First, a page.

Animation by Sarah Saidan

From the TED-Ed Lesson How can you change some…

From the TED-Ed Lesson How can you change someone’s mind? (hint: facts aren’t always enough) – Hugo Mercier

Animation by TED-Ed // Charlotte Arene

Did Ancient Troy really exist?

image

When Homer’s Iliad was first written down in the 8th century BCE, the story of the Trojan war was already an old one. From existing oral tradition, audiences knew the tales of the long siege, the epic duels outside the city walls, and the cunning trick that finally won the war. 

image

In the end, the magnificent city was burned to the ground, never to rise again. 

image

But had it ever existed? By the time the field of archaeology began to take shape in the 19th century, many were skeptical, considering the epic to be pure fiction, a founding myth imagining a bygone heroic era. But some scholars believed that behind the superhuman feats and divine miracles there must have been a grain of historical truth – a war that was really fought, and a place where it happened.

image

Frank Calvert was one such believer. He had spent his youth traveling and learning about ancient civilizations before accompanying his brother Frederick on a diplomatic mission to the northwest Anatolian region of Çanakkale. It was here that Homer described the Greek encampment at the mouth of the Scamander river. And it was here that fate brought Frank into contact with a journalist and geologist named Charles Maclaren. Locals and travelers had long speculated that Troy might’ve stood on one of the surrounding hilltops. But Maclaren had been one of the first to publish a detailed topographical study of the area. He believed he had found the site – a 32-meter mound known by the name Hisarlık, derived from the Turkish word for “fortress.” Frank Calvert began to survey the site, but lacked the funds for a full excavation. This was where the wealthy German businessman and amateur archaeologist Heinrich Schliemann came in. At Calvert’s invitation, Schliemann visited the grounds in 1868, and decided to excavate. Eager to find the ancient city, Schliemann tore massive trenches all the way to the base of the hill. There, he uncovered a hoard of precious artifacts, jewelry, and metalwork, including two diadems and a copper shield. Schliemann took full credit for the discovery, announcing that he had found Troy and the treasure of its king Priam. But the real treasure was elsewhere.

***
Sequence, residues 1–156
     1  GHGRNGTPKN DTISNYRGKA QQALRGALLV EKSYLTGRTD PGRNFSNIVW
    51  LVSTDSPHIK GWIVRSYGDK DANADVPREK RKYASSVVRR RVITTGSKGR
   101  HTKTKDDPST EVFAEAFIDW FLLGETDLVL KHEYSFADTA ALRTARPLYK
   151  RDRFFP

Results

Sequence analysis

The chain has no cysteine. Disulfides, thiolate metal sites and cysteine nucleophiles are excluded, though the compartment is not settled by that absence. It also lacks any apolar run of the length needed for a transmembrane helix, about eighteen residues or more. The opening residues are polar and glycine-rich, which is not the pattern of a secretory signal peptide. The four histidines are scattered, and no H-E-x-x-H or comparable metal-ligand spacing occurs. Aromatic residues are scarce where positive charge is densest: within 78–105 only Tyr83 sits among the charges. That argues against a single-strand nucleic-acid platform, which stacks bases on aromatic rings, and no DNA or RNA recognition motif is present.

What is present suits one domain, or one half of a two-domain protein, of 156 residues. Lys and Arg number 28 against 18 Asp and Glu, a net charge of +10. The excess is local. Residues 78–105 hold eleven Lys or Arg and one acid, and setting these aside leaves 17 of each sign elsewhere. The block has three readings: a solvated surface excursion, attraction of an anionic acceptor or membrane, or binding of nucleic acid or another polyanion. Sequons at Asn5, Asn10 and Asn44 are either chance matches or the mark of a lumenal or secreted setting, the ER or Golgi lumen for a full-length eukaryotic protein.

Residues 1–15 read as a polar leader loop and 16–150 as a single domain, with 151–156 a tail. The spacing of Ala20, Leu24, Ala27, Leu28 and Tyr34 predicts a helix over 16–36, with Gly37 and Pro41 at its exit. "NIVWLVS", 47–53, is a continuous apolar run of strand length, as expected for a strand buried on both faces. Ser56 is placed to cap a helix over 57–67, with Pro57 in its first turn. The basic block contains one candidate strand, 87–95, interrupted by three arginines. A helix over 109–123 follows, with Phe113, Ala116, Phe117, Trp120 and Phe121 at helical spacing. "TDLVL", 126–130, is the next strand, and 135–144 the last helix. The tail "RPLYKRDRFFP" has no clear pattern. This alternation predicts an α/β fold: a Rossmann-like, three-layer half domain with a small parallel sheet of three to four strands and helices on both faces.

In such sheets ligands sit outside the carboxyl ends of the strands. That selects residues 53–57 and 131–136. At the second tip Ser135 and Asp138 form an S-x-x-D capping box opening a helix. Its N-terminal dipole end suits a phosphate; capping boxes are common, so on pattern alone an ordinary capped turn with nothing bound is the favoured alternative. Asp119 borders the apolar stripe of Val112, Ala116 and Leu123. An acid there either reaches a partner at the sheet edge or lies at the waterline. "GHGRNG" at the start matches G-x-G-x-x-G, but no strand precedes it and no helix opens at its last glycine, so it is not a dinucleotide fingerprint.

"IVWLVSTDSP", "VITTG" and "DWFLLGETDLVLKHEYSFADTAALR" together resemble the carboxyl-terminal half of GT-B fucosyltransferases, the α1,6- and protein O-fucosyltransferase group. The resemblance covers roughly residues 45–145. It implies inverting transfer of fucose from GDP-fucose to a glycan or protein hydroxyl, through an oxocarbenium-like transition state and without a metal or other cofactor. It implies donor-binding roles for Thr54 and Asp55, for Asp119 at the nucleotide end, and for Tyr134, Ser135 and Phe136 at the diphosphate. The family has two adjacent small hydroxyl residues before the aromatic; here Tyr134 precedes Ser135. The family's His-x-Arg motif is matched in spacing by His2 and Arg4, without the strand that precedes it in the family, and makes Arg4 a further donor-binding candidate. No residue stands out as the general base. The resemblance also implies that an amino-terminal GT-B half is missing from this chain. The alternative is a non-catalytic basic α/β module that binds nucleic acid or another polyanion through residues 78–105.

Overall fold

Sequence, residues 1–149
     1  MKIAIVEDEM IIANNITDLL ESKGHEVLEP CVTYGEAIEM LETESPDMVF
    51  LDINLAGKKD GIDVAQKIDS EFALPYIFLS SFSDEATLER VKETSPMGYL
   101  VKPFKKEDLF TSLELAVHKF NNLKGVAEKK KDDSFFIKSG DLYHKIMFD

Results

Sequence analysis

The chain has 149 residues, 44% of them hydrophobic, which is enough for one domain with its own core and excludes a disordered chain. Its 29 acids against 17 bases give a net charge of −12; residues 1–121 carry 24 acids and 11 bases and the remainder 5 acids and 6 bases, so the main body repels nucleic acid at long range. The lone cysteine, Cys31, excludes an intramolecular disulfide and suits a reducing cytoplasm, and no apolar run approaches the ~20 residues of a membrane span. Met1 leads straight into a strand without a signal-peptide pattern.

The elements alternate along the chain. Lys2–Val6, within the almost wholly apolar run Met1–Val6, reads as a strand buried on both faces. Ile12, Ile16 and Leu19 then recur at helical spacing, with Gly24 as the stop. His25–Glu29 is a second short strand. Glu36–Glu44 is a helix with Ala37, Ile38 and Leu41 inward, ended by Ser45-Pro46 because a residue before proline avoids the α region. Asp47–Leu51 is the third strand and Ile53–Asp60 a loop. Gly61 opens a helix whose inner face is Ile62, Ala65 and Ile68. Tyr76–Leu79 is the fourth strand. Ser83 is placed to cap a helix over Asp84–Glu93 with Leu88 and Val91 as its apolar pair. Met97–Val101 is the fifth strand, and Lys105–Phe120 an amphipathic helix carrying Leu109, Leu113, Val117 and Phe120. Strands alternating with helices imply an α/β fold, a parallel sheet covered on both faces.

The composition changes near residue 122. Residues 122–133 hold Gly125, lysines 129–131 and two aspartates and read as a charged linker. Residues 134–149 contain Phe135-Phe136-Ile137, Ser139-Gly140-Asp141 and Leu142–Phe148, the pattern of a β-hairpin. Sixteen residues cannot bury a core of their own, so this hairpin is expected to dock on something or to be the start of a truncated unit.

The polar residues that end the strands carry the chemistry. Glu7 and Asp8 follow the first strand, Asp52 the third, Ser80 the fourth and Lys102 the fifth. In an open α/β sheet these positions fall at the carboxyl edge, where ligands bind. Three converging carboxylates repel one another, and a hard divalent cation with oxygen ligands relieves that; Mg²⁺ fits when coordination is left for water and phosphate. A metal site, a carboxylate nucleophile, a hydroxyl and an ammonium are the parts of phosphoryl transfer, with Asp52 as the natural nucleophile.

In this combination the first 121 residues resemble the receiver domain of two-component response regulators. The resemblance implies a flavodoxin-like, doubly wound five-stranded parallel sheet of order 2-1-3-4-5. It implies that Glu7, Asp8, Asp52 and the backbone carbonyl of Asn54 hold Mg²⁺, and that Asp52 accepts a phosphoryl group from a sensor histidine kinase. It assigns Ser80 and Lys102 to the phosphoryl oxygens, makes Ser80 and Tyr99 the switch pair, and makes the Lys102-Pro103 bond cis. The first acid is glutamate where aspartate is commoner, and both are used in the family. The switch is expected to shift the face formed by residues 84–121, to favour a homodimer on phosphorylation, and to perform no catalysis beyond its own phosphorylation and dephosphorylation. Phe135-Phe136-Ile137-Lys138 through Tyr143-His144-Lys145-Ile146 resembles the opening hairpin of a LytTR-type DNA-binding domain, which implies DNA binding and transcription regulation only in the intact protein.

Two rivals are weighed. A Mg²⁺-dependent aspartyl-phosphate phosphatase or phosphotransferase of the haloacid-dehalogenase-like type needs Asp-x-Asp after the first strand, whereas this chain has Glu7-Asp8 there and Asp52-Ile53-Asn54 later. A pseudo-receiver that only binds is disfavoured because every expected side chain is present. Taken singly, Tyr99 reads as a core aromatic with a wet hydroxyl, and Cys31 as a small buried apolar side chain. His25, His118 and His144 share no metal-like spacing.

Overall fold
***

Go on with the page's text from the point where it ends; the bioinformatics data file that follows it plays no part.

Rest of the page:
image

When later archaeologists studied the site, they realized that the mound consisted of no less than nine cities, each built atop the ruins of the last. The layer Schliemann had uncovered dated back to the Mycenaean Age, more than 1,000 years too early for Homer. But inside the mound was indeed evidence for a city that had thrived during the Bronze Age, with charred stone, broken arrowheads, and damaged human skeletons suggesting a violent end. It was Troy VII, contained in the middle layers and now ravaged for a second time by Schliemann’s careless excavation. The settlement, spanning some 200,000 square meters and home to as many as 10,000 people, thrived until around 1180 BCE. Its position at the southern entrance of the Dardanelles strait would’ve made a formidable strategic location for both defense and trade. Most importantly, there are the remains of a massive fortification wall – perhaps the very same one from which Priam and Hector once watched the Greeks approach. 

image

Of course, it’s difficult to be certain that these ruins are the true remains of ancient Troy, and scholars still dispute whether the Trojan War as described by Homer ever happened. Yet the evidence is strong enough that UNESCO has labelled Hisarlık the archeological site of Troy. Regardless of its identity, thanks to persistence, a bit of faith, and a lot of research, archaeologists are bringing the long-buried secrets of an ancient, lost city to light.

From the TED-Ed Lesson Did ancient Troy really exist? – Einav Zamir Dembin

Animation by Cabong Studios